American Democracy had struggled on life support for many years. It took its final breath on January 21, 2010, when a conservative Supreme Court ruled 5-4 in the landmark Citizens United case that since corporations had the same rights as people, and money was equivalent to speech, unlimited amounts could be spent to influence elections. The final nail was hammered into American Democracy's coffin with the victory of Republican Governor Scott Walker Tuesday in Wisconsin's recall election.
Sorry for the cliches and the defeatism, but it would be hard to spin this electoral disaster any other way. When an anti-union Tea Party candidate like Walker can handily defeat a fired-up working class opposition in a historically progressive state like Wisconsin, we who call ourselves liberals, progressives, or even Democrats must admit we are in serious trouble. A radically new and more effective strategy will be necessary to navigate this fatally flawed American political system.
Democracy died in America because the traditional concept of "one-man, one-vote" no longer works. The power of special interest money from corporate titans and billionaires far surpasses the power of the old-fashioned election ballot, the kind that once gave ordinary citizens a decent opportunity to choose their leaders. The playing field, once relatively level, now slants at a steep level toward the mansions and gated communities of the wealthy elite. When it comes to politics and elections in this country, now more than ever, money rules.
In an example of elections to come, Governor Walker's campaign outraised his Democratic challenger roughly 8 to 1, which resulted in a modest win. But it was a clear victory, and now that Republicans can gauge the power of campaign donations, they only need to hit up their willing wealthy contributors for however much they need to win. The only counterbalance on the Democratic side, labor unions, are reeling from multi-prong attacks from GOP governors and legislatures, and their numbers and influence continue to shrink.
It doesn't matter that most Americans oppose our military presence in Afghanistan, don't want cuts in Social Security and Medicare, want universal health care, and would like millionaires taxed at a higher rate. What matters most to "our" representatives is what the people who fund their campaigns want.
Candidates who raise the most money win have won very one of the last five presidential contests, and somewhere between 85 and 96% of Congressional races in recent years. President Obama was able to win in 2008 in part because he was able to outspend his Republican opponent. But that was pre-Citizens United. Corporate money is now flowing into Mitt Romney's presidential campaign, and with the help of huge "Super PACS," it won't be long before he overtakes the lead from the incumbent in campaign donations.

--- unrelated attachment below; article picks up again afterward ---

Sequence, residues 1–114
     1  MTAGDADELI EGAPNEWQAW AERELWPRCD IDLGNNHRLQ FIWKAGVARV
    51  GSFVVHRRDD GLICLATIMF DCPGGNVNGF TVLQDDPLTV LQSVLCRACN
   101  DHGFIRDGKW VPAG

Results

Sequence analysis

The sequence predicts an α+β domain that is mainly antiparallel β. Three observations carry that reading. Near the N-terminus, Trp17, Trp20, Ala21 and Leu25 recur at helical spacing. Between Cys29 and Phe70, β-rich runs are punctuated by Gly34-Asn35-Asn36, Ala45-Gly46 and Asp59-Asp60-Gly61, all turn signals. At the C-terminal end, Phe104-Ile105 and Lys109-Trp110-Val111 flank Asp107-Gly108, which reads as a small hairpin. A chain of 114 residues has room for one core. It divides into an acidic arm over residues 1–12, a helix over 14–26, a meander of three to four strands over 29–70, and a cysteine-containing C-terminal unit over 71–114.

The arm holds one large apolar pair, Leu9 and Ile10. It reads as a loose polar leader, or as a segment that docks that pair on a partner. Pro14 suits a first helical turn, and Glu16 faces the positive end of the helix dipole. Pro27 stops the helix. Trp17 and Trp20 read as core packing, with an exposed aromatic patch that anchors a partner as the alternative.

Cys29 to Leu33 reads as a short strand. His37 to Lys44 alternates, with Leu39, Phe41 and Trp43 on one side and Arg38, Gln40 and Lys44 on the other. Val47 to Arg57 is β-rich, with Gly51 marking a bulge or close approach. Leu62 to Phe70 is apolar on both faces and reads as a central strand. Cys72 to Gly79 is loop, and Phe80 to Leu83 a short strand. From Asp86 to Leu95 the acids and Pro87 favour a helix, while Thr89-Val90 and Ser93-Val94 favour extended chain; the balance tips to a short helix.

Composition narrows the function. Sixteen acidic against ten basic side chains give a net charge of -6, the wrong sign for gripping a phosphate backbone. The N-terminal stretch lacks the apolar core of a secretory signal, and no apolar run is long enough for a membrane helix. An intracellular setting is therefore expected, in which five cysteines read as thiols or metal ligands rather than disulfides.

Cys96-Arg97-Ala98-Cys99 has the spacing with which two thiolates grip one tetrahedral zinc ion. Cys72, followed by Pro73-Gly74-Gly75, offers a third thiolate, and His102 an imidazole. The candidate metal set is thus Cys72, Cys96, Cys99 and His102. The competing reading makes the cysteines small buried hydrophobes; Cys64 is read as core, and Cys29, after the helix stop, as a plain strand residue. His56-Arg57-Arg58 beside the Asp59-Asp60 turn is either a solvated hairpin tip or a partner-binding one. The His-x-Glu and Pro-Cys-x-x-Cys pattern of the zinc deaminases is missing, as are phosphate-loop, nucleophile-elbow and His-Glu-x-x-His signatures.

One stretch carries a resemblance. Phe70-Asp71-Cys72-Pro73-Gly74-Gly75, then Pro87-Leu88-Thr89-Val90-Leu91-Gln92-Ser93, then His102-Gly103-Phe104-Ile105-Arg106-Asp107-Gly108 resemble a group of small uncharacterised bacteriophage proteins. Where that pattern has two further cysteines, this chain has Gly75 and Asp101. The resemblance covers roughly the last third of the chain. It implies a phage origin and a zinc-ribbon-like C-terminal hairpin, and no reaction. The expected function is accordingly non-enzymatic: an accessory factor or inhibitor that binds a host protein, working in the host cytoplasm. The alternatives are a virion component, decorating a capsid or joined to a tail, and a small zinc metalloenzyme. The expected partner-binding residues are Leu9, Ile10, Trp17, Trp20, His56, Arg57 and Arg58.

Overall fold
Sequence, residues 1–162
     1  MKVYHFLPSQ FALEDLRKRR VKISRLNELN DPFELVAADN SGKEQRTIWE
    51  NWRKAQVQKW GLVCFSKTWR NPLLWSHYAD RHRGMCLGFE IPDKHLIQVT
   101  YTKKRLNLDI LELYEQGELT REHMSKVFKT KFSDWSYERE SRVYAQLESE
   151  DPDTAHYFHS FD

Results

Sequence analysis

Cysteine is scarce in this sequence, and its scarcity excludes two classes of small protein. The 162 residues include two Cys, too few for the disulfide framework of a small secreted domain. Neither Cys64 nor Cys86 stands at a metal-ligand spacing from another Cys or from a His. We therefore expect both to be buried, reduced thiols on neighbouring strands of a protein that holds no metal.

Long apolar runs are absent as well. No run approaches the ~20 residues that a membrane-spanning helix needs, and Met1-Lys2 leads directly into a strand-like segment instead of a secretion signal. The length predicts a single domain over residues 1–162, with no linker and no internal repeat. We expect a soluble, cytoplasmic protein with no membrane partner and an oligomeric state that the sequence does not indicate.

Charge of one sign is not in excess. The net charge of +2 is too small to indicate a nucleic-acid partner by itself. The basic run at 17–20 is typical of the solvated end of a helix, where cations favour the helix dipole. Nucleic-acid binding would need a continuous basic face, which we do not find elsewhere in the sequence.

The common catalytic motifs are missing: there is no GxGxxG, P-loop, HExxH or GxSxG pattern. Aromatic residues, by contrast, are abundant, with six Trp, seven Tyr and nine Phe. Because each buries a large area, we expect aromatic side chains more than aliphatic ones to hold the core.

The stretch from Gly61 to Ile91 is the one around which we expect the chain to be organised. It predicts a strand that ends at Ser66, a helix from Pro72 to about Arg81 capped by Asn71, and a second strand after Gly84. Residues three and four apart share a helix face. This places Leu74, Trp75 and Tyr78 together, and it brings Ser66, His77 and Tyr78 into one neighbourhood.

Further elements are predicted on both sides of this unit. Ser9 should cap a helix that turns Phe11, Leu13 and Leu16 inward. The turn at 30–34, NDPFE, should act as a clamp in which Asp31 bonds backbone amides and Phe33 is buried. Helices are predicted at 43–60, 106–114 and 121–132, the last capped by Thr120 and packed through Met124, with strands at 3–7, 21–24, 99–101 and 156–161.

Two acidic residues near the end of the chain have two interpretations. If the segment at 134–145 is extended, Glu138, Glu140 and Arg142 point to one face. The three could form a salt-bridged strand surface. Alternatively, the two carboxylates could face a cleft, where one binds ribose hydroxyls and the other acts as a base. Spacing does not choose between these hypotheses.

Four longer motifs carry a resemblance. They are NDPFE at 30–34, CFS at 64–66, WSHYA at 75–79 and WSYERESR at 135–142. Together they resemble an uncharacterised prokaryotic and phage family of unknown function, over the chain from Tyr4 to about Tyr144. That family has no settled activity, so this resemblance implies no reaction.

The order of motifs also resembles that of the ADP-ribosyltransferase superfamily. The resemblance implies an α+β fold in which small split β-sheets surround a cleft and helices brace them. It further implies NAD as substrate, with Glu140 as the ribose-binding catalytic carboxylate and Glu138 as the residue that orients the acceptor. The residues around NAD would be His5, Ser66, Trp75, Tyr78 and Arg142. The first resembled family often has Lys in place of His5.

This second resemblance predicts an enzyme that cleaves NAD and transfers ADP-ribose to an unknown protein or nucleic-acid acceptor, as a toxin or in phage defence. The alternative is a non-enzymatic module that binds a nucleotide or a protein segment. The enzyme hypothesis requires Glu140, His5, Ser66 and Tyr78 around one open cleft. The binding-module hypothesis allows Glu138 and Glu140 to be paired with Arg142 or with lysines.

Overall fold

Wall Street was Obama's top contributor in 2008. That turned out to be a wise investment because when it came time to assign blame and punishment for the 2008 financial meltdown, Obama's Justice Department looked the other way, and the banksters walked free. With that worry out of the way, the big bankers have switched horses and are pouring Wall Street's election-buying money into the presidential campaign of one of their own, Mitt Romney.
The only way for Democrats to compete is to become more like Republicans--a process that's been happening for years--and find even more ways to please their corporate contributors.
Because of a conservative Supreme Court, Republicans in Congress, a corporate-controlled media, and a president afraid to stand up to corporate interests, that flawed system is unlikely to change in the foreseeable future. Making major changes will require citizen outrage, political awareness, mass participation, (especially by young people, who are no longer the beneficiaries of the American Dream), and a willingness to stand up to very powerful forces.
Maybe the Occupy movement is the seed of that revolution. Maybe conditions in this country will need to get much worse--which may not take long--before they can get better. But revolutionary change, the kind necessary to restore democracy, is desperately needed. Whether we are capable of it is an open question.
You can call America an oligarchy or a plutocracy, and you would be right. You can call this country a democracy--as most Americans reflexively will--but sadly, you would be wrong.
By the way, was it just a coincidence that the U.S. stock market posted its biggest gains for the year the day after the Wisconsin election? Or does corporate America know which way the political winds are blowing?